The Cairns Post

Teens’ link to terrorists


AUSTRALIAN teens are planning and negotiatin­g with others online to carry out “catastroph­ic terror attacks”, while the pandemic has made it “easier” for extremists to recruit members, the nation’s top cop has warned.

Australian Federal Police Commission­er Reece Kershaw has told a Senate Estimates hearing that the threat of terrorism in Australia remained at “probable”, but there had been some “significan­t shifts, in the diversity and complexity of the environmen­t”, since the Covid-19 pandemic started.

“The threat of terrorism has not dissipated,” he said.

“In fact, the pandemic, extended lockdowns and more time spent online, has in some cases, made it easier for extremists to recruit.”

Mr Kershaw said increased “anti-government sentiment”, the proliferat­ion of conspiracy theories, physical isolation and more time spent online had increased the terror threat in Australia.

Mr Kershaw said children as young as 13 who felt isolated and had retreated into the online world were connecting with extremists.

“We need parents and carers to understand who their children are communicat­ing with online,” he said.

“I implore parents to call the AFP if they are worried their child is being targeted by individual­s with extremist views. Early interventi­on can divert children from this path. Where possible, we want to keep youth out of the criminal justice system.”

Mr Kershaw said the community could be reassured the

Joint Counter Terrorism Teams, made up of the AFP, ASIO, state and territory police, had maintained efforts to ensure public safety, particular­ly through the Covid period.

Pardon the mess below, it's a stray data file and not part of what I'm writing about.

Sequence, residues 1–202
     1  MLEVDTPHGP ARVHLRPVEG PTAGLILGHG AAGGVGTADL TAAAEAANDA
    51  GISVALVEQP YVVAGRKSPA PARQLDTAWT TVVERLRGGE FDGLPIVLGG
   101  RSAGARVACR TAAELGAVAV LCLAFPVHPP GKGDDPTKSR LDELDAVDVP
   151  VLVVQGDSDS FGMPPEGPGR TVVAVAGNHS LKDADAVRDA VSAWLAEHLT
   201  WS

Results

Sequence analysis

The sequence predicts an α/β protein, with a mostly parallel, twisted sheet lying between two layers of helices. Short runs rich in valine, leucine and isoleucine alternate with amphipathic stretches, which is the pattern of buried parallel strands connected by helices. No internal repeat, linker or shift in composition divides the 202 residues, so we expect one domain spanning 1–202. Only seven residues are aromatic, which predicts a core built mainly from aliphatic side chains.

He said religiousl­y motivated violent extremism (RMVE) remained “the biggest threat”.

“Eighty-five per cent of investigat­ions relate to RMVE, while the remaining 15 per cent relate to ideologica­lly motivated violent extremism,” Mr Kershaw said.

“The IMVE cohort is extremely interconne­cted, especially online. Their views are diverse and include support for nationalis­ts, white-supremacy and Neo-Nazism.”

Mr Kershaw said another challenge for the AFP was managing the “significan­t” threat of terrorist offenders released from Australian jails.

Eighteen terrorist offenders are scheduled for release from prison before 2026, and 54 are due for release by 2060.

Since February 2019, the AFP has applied for and obtained more control orders than in the 15 years prior.

Mr Kershaw revealed seven individual­s had been arrested and charged for breaching the conditions of their control orders since July 2020.

“The community safety risk posed by the reintegrat­ion of convicted terrorist offenders into the community will be an ongoing challenge,” he said.

“I won’t go into the numbers of police and cost involved to monitor these offenders; however, this is a significan­t investment of police resources.”

“The AFP has establishe­d a dedicated … capability to manage the risk of terrorist offenders,” he said.

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